And I am laughing again.
I flash under Nani’s Bridge and through the kink right at Battledore.I lean more to my left, almost further than I dare, and hang on to my toboggan for all I am worth.
Not in this blue riband event that I have strived so hard to be a part of.
My thanks to Hayley of Midas PR for the tour invitation and for providing the extract.
Moving my weight forward gives me more speed, and speed is the king. The difference between winning and losing is measured in milliseconds.

Felix Francis studied Physics and Electronics at London University and then spent seventeen years teaching Advanced-Level Physics. The younger son of crime writer and National Hunt jockey Dick Francis, Felix assisted his father with both the research and writing of his novels in a father-and-son writing partnership. Continuing his father’s legacy, Felix has written fifteen successful novels.
Publisher: Simon & Schuster
Format: Ebook, Hardback (16 September 2021) | Paperback (9 June 2022)
Pages: 384
I am once again riding in a Grand National, the first time in nearly eight years, but this isn’t the four- and-a-half-mile steeplechase over the thirty fences of Aintree Racecourse. This Grand National is a different type of race altogether – a nerve-jangling, teeth-rattling, buttock-clenching, roller- coaster ride down a three-quarter-mile-long ice chute – the Cresta Run in the Swiss town of St Moritz.
Finding himself in St Moritz during the same weekend as White Turf, when high-class horseracing takes place on the frozen lake, he gets talked into helping out with the horses. It is against his better judgement. Seven years before, Miles left horseracing behind and swore he would never return.  
I know I’m in trouble on the run down towards Shuttlecock, but I am laughing – I don’t care.
When he discovers something suspicious is going on in the races, something that may have a profound impact on his future life, Miles begins a search for answers. But someone is adamant to stop – and they’ll go to any lengths to do it . . .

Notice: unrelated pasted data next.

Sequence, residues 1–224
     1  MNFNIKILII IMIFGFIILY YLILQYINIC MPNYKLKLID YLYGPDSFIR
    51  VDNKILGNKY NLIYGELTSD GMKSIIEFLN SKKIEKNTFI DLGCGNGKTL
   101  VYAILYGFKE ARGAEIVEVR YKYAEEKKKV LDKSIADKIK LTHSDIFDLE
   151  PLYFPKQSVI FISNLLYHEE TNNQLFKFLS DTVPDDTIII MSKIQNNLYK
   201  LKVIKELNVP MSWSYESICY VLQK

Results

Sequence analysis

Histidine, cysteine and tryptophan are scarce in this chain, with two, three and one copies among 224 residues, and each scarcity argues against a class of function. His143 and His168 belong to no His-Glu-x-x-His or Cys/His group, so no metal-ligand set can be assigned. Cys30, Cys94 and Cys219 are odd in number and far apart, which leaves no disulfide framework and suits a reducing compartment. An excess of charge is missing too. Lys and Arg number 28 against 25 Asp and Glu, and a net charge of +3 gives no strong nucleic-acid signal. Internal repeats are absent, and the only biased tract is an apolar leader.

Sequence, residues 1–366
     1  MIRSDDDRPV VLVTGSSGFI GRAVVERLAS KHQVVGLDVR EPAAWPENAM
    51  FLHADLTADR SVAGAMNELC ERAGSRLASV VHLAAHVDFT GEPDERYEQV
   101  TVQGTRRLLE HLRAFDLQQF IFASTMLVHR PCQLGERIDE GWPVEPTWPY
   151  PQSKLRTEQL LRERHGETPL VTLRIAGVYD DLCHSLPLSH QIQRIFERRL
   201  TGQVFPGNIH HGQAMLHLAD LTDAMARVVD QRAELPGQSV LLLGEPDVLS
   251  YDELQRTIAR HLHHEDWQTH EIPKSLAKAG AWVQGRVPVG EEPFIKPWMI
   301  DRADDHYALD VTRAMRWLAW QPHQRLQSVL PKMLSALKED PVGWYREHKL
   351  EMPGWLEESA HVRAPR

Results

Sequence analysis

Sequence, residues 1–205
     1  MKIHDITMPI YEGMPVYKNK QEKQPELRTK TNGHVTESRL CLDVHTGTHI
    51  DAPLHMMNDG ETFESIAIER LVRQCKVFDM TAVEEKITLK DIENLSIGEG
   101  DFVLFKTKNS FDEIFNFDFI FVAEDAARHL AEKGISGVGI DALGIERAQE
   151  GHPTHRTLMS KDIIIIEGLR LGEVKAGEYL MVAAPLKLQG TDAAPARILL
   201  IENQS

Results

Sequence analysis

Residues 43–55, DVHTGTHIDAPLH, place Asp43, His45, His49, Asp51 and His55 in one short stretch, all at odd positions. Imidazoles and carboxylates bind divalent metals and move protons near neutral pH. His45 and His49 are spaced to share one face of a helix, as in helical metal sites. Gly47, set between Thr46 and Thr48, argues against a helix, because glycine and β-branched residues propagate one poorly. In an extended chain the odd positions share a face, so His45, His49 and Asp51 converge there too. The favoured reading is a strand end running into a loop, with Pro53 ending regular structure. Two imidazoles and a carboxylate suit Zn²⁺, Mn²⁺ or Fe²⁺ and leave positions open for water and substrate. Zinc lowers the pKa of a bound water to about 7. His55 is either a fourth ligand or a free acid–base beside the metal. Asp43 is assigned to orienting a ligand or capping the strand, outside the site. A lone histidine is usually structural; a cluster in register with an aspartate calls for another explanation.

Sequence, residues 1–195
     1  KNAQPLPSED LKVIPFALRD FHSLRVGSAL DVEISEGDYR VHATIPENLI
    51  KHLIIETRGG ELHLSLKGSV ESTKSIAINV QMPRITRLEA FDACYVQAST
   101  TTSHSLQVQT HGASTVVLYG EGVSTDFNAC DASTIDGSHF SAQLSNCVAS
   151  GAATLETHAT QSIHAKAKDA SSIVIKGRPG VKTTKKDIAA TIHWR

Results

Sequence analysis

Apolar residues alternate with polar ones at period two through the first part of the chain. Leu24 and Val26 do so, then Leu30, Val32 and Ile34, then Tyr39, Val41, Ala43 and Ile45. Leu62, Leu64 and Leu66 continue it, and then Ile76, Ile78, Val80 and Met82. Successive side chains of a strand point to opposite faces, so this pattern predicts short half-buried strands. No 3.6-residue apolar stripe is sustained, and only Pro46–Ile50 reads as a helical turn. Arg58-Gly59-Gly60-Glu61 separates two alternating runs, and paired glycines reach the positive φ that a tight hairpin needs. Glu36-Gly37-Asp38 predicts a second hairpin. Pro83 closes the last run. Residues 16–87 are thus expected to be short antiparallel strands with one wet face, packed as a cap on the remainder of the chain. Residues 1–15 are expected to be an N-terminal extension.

I compromise.
The Felix Francis & Dick Francis novels combined have sold over 80 million copies worldwide in 40 languages.
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Speed. Speed. Speed.
On my feet I wear special boots with three jagged metal spikes protruding from the toes – a bit like Rosa Klebb with her poison toe blade in From Russia With Love, only more so. These are my rakes – the only means I have of slowing me down.
Not now. Not in this race.
Do I slam the points down onto the ice? Or do I take the chance that I will fly out of the track at Shuttlecock?
This is what is meant by living.
I lower my left foot slightly to slow me a fraction and to help with the big ninety-degree left-hand turn.
As Shuttlecock begins to tighten, I can feel my legs being thrown out to the right into fresh air, so I lean my weight more to the left. I have fallen here before, in previous runs, and I am determined it will not happen again.
Next is the infamous Shuttlecock curve, where so many have fallen there is even a special club for them all, and the big question in my mind is: Am I going too fast to make the turn?
As I enter Junction Straight I pull myself further forward on my toboggan. Not some sit- up- on wooden- slatted affair for the occasional snowy slopes in your local park, this toboggan is thirty- five kilograms of precision-made steel and carbon fibre, with razor-sharp runners and grab- handles to hang on by.
Unlike an Olympic bobsleigh run where the outside walls of the turns are concave, helping to keep the sleigh in the track, many of those on the Cresta are convex, which has the opposite effect. A curling stone released at the top of a bob run will make it to the bottom, but on the Cresta it will slide out at the first corner. Hence, it takes great skill to stay in, and is also deemed to be safer for the out-of-control rider, with so-called ‘soft’ areas of straw and loose snow provided on the outside in an attempt to reduce any injury.
I slide my body back on the toboggan, allowing me some degree of steering by pressing the tail of the inside runner harder onto the ice. But do I also rake?

Only speed will let you win – provided, of course you don’t have too much, and crash.
And the Cresta Run has helped save my life – there is no doubt about it.

All I can hear is the rushing wind and the constant clatter of the runners on the ice as I hurtle, face down, along the straight at sixty miles per hour, ever gaining that elusive speed on the steep slope. I stare ahead, searching for familiar landmarks, but my vision is blurred by the vibration. I have never been this fast before at this stage of the run.
Miles Pussett is a former steeplechase jockey. Now he gets his adrenalin rush from riding down the Cresta Run, a three-quarter-mile Swiss ice chute, head first, reaching speeds of up to eighty miles per hour. I feel rather than see the sharp change in direction as Junction Straight runs into the right- handed Rise where the track even lifts slightly, causing the G- force to squeeze my body onto the sled.

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